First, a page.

Wednesday, November 17, 2010
About Malas and Mantras
A customer asked me what books to read about malas.
I haven't seen any that I'd send someone to about malas. If you read about mantras in Sogyal Rinpoche's book, The Tibetan Book of Living and Dying, I think that helps.
The books I recommend are about mindfulness, compassion, and meditation.
I especially like the books by the Dalai Lama, Chagdud Rinpoche, Dilgo Khyentse, Thich Nhat Hahn, and Chogyam Trungpa.
A lot of Hindu books may talk about mantras. In Buddhism they accompany practices, but they aren't the main focus. So if you read about the practices of Avalokiteshvara, it may speak about the Om Mani Padme Hum mantra. The same with writings about Tara, Guru Rinpoche, and all of the other Tibetan practices.
The way I was taught (it's different in different disciplines), is that you hold the mala in your left hand, close to your heart, and with the thumb and pointer finger you pull the bead towards you. When you get to the three-holed guru bead (or large bead, in your wrist mala), you turn around and go the other direction. You don't say a mantra on the guru bead.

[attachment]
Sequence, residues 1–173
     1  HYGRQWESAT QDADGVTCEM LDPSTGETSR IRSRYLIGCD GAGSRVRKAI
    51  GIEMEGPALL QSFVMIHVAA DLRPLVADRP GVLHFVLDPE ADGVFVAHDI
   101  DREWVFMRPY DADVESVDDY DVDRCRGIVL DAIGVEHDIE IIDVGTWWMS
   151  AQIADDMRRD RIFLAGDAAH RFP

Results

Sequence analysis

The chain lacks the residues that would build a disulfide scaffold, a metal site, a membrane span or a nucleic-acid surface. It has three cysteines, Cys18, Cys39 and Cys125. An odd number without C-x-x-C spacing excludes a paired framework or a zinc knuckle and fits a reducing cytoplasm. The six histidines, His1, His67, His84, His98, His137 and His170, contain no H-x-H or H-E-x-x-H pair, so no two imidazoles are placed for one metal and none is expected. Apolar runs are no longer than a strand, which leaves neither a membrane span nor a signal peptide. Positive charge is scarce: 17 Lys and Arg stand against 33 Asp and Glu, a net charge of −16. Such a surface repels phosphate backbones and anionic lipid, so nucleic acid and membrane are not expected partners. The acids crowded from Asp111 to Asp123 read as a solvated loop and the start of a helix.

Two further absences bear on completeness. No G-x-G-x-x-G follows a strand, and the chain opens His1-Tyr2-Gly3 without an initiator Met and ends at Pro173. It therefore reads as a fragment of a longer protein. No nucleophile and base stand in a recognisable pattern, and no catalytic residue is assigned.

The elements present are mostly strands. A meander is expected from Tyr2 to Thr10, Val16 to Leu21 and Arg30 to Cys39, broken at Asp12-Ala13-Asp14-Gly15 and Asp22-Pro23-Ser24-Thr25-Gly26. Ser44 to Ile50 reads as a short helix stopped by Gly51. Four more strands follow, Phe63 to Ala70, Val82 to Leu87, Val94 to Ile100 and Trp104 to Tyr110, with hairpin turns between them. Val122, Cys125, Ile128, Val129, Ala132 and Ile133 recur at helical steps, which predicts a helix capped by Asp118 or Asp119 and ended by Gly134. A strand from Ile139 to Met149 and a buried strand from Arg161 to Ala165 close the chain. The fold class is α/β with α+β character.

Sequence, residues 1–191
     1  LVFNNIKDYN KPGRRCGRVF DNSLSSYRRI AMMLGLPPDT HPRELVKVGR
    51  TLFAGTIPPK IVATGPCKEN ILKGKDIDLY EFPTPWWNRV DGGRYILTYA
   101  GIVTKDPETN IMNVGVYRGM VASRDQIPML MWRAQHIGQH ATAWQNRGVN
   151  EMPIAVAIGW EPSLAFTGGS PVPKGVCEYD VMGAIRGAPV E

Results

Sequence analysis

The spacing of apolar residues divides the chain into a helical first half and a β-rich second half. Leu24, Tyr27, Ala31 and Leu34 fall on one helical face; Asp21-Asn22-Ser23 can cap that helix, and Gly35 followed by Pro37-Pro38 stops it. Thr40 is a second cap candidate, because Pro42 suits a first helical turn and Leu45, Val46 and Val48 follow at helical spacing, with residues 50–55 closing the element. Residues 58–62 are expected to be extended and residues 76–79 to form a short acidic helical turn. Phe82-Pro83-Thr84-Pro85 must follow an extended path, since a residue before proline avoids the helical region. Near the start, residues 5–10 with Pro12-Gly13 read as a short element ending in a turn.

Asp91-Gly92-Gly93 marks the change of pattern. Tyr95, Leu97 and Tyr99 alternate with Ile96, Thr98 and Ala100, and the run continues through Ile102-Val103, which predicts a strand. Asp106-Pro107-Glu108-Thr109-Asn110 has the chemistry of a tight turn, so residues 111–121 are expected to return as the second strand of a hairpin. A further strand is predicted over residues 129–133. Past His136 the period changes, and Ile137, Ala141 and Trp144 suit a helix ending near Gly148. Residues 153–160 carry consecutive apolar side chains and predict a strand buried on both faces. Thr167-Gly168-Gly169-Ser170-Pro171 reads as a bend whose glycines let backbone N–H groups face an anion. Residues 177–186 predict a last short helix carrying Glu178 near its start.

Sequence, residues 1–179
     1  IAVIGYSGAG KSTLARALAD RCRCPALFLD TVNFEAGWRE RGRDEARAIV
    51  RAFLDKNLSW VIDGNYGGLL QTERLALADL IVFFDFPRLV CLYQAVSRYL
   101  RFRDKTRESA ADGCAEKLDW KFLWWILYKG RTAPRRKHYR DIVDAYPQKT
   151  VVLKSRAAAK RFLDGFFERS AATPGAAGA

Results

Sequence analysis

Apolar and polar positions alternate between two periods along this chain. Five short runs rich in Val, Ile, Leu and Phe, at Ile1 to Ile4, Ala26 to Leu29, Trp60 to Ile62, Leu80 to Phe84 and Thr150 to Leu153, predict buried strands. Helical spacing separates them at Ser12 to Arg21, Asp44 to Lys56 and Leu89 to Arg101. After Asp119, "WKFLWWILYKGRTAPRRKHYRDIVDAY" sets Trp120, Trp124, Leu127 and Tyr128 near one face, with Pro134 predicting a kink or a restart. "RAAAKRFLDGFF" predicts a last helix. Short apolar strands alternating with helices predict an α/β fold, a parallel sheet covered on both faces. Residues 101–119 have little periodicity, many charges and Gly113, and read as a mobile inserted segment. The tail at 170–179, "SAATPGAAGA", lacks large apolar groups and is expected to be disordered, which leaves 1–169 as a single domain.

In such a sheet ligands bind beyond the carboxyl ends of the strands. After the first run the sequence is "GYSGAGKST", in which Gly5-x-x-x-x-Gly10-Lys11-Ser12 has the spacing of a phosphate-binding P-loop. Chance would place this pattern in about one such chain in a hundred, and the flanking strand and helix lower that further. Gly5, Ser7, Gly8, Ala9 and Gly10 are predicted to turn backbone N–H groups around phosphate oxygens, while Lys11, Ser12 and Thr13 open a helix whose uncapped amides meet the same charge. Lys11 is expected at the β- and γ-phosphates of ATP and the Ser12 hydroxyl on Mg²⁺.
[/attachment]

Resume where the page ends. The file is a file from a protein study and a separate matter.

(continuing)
It's a way of calming the mind and invoking the qualities of the deity in that particular practice. These qualities are Love, Compassion, Wisdom, and things like that. You focus loosely on the mantra, relax, and let the mantra flow quietly. Or out loud, it doesn't matter. You can keep track of how many you say in a little book or by hanging mala counters on your mala.
Here's the wiki article.
There are good links there.
And here's something I wrote about blessing and using a mala.
Hope this helps, it's not intended to be advice or overwhelming.